Rowman & Littlefield Publishers
Trim: 6¼ x 9½
978-1-4422-3288-4 • Hardback • February 2016 • $47.00 • (£36.00)
978-1-4422-3289-1 • eBook • February 2016 • $44.50 • (£34.00)
Andrea Broomfield is a culinary historian and an English professor at Johnson County Community College. She is the author of Food and Cooking in Victorian England: A History (2007) and writes extensively about the Victorian era.
Series Foreword, by Ken Albala
Preface: Kansas City: The Nation’s Hospitality Crossroads
1: “Here Stands a City Built O’ Bread and Beef”: Kansas City’s Natural and Material Resources
2: Prehistoric and Native American Foodways of the Kawsmouth Region
3: The Old World Meets the New
4: Contributing to Kansas City’s Greater Good: Immigrants and their Food Traditions
5: African American Contributions and Kansas City’s Southern Traditions
6: Kansas City Markets and Groceries
7: “Kansas City, Here I Come”: Historic Restaurants at America’s Crossroads, 1860s-1970s
8: Kansas City Home Cooks and Home-Grown Festivals
9: We’ve Grown Accustomed to These Tastes: Kansas City’s Signature Dishes
About the Author
Kansas City, Mo., home to Charlie Parker and the strains of modern jazz, also rests at the culinary crossroads of America, as culinary historian Broomfield observes in this straightforward survey, part of the Big City Food Biography series. The city is located in the fertile Central Plain, where the soil is ideal for cultivating grain and producing fields of grass where cattle can graze. Broomfield’s tale of the life of food in the region begins with the earliest contributions of native tribes such as the Kaw, and their cultivation of maize and squash. Prior to the Civil War, Kansas City’s food reflected the cuisine of the South, including beaten biscuits, pies, gumbos, fried chicken, and catfish. In the 19th century, a number of immigrant groups helped shape the city’s cuisine with Mexican tamales and chilis, German beer, Swiss confections, and Italian minestrone and pastas. Broomfield offers a brief history of many of the markets and groceries that helped establish Kansas City as a center of culinary hospitality, such as the E. Whyte Grocery, Fruit & Wine Company; Wolferman’s Grocery; and the City Market. Broomfield’s guidebook also includes an overview of Kansas City’s signature dishes (with recipes), such as Myron Green’s cinnamon rolls and Harvey’s Westport Room Chicken Maciel. Readers will enjoy this entertaining, in-depth look at the foods that have made Kansas City famous.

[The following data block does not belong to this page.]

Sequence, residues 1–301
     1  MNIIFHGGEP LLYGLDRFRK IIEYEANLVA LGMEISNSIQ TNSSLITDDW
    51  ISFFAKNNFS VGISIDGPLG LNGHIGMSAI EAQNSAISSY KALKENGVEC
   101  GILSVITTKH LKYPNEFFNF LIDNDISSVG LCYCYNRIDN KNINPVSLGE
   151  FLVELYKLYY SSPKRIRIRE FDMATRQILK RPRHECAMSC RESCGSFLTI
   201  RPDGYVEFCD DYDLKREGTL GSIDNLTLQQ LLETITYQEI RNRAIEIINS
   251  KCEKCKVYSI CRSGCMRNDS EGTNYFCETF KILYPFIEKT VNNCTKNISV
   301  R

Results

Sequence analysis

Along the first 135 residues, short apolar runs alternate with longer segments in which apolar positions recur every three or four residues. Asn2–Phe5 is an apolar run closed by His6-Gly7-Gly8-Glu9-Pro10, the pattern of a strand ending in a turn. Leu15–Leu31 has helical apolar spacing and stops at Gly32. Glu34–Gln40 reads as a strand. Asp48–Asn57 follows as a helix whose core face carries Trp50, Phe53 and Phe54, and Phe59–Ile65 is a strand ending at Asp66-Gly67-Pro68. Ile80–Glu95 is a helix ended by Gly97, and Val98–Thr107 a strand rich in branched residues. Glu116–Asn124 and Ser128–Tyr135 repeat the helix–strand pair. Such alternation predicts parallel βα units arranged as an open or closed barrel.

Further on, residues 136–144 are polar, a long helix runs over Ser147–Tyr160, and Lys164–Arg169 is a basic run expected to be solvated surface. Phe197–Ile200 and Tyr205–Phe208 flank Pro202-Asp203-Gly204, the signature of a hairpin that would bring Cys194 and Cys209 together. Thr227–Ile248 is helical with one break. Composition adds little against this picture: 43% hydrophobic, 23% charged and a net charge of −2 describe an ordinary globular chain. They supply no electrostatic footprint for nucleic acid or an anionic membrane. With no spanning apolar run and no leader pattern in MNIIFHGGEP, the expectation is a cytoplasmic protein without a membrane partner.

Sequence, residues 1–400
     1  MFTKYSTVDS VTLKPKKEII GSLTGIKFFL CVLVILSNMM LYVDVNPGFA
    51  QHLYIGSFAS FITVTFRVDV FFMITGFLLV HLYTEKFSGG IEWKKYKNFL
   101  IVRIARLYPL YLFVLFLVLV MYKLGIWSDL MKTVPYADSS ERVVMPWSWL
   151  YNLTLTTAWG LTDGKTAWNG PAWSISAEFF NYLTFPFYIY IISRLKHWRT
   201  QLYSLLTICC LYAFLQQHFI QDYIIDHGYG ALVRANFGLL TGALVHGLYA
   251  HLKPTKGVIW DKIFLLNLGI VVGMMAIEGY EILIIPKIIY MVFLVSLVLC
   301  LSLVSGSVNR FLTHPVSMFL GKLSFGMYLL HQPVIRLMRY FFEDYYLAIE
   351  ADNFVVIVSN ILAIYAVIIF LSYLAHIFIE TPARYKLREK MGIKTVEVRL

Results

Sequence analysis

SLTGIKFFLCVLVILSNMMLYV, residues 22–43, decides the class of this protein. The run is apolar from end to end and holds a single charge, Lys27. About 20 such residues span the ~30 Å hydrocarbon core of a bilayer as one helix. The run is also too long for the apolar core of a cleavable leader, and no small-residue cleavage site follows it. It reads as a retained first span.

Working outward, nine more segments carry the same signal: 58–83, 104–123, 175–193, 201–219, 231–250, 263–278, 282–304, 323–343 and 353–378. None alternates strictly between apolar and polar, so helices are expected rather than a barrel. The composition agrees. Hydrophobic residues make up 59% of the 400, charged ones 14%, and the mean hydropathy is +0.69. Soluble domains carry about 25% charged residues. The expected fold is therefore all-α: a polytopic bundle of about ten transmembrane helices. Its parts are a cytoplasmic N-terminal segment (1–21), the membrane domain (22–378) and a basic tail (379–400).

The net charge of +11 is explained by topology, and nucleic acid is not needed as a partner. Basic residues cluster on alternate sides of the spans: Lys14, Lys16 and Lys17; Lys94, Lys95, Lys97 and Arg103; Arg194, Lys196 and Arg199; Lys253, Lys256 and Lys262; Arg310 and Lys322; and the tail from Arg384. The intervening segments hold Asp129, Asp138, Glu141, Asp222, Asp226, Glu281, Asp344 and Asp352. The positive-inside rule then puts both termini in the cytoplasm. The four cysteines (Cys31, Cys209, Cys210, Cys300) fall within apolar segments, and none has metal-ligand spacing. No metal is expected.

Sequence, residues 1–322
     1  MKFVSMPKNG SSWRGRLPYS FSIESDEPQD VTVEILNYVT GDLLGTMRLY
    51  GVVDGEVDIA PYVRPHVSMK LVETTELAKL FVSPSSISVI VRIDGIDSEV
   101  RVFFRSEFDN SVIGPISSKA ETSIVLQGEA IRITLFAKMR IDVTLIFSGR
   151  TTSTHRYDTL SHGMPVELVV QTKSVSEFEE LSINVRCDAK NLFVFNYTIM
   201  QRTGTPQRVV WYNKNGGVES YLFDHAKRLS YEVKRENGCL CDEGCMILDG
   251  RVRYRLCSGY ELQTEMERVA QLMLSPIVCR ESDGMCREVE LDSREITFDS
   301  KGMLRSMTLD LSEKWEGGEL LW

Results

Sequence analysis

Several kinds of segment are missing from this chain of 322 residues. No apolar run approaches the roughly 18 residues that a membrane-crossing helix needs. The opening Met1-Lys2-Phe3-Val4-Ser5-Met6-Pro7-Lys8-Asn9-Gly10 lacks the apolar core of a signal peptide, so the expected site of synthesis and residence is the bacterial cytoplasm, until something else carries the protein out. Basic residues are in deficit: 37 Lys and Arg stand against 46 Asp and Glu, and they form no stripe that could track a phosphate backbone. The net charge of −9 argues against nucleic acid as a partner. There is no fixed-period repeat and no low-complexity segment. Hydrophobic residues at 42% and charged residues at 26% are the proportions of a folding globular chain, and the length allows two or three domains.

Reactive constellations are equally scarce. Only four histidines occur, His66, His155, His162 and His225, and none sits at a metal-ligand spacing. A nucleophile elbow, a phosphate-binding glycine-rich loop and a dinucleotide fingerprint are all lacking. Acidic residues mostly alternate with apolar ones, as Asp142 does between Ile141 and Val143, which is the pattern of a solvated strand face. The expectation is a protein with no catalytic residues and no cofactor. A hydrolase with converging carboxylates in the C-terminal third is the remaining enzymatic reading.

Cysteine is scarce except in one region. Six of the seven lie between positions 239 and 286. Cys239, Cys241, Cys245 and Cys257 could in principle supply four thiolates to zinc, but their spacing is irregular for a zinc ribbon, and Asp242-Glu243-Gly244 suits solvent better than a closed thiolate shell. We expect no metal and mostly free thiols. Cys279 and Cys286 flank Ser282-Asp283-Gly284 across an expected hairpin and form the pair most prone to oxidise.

— Publishers Weekly
The latest in the Big City Food Biography series examines the culinary contributions made by the center of the heartland’s bread basket, Kansas City. Broomfield’s research is meticulous and balanced. She notes that Kansas City straddles a state line historically and culturally and pays equal attention to both sides. This is not a book for the casual cook looking for gastronomic descriptions and recipes. Her prose is engaging and lively, even though not an ingredient, restaurant, cook, or restaurateur detail goes unmentioned. Serious chefs and foodies will appreciate the history behind the Midwest’s melting pot of cuisines and the people who made Kansas City’s signature dishes burnt ends, KC strip, and green rice casserole—the mainstays of hearty Kansas City fare. Of particular interest is the chapter on 'African American Contributions and Kansas City’s Southern Traditions.' Readers will be fascinated by the ways music influenced restaurants in Kansas City’s jazz age. A worthy addition to all collections serving the serious chef.
[T]he African-American chapter [is] particularly fascinating, [since] many of Kansas City’s jazz and barbecue joints [were] among the first establishments to be racially integrated.
— The Kansas City Star